Tips to Protect Your Business From Increased Sexual Harassment And Cyber Security Claims

Tips to Protect Your Business From Increased Sexual Harassment And Cyber Security Claim…

Photo by Mihai Surdu on Unsplash.

Employment-related risks can represent the most damaging exposure to a franchiser. Claims involving sexual harassment, wrongful termination or discrimination, from a current or former employee can potentially cause irreparable damage to a franchise brand and reputation resulting in significant financial cost. Franchises Need To Protect Themselves From Increased Sexual Harassment And Cyber Security Claims

Tips to Protect Your Business From Increased Sexual Harassment And Cyber Security Claims

With Permission
By Ed Teixeira
FMM Contributor

Sexual Harassment – Social Issue Concept

After hitting a two-decade low in 2017, sexual harassment complaints to the Equal Employment Opportunity Commission increased by more than 12 percent from last year. The federal agency has also been aggressive with litigation this year, filing 41 sexual harassment lawsuits so far, up from 33 in 2017. At the same time, cyber-crimes which involve the theft of personal information has cost some companies millions of dollars in damages to its reputation and from monetary claims.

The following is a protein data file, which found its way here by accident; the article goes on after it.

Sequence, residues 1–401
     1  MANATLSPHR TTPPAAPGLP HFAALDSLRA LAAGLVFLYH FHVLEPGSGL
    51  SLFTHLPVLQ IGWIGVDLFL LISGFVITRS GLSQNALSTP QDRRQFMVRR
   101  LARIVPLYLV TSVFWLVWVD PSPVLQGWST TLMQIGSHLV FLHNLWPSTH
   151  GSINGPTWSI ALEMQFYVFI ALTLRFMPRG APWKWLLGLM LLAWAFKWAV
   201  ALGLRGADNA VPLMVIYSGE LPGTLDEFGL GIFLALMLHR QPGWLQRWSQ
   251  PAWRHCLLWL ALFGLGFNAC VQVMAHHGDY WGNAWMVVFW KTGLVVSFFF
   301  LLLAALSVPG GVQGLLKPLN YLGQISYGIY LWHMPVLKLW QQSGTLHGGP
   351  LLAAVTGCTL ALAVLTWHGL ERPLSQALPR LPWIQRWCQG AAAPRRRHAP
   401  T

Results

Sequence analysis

Employer Liability Claims Increase

Over the course of this year, stories of sexual harassment have dominated the headlines. In what USA Today dubbed the “Weinstein Effect,” various sized companies have witnessed employees take part in the #Me To movement. This increased focus on sexual harassment has created a surge in protests, discrimination lawsuits, and government investigations, with almost no industry being immune, including a recent demonstration against McDonald’s franchise locations. Regardless of whether a sexual harassment allegation has merit, these claims can cause a company significant damage to its brand and sales. Seven in 10 human resource professionals said they believe sexual harassment complaints at their workplaces will likely be “higher” or “much higher” in 2018 compared to previous years.

A poll by the Human Resource Certification Institute found that “63 percent of HR professionals said that acts of sexual harassment “occasionally” or “sometimes” occur in their workplaces and 30 percent said that such acts “frequently” occur. Only seven percent said that such acts “almost never” or “never” occur.” The trend toward more sexual harassment lawsuits appears to continue as the EEOC increases efforts to crack down on sexual harassment. The EEOC has launched online access for employees to file harassment charges from their homes, with the EEOC.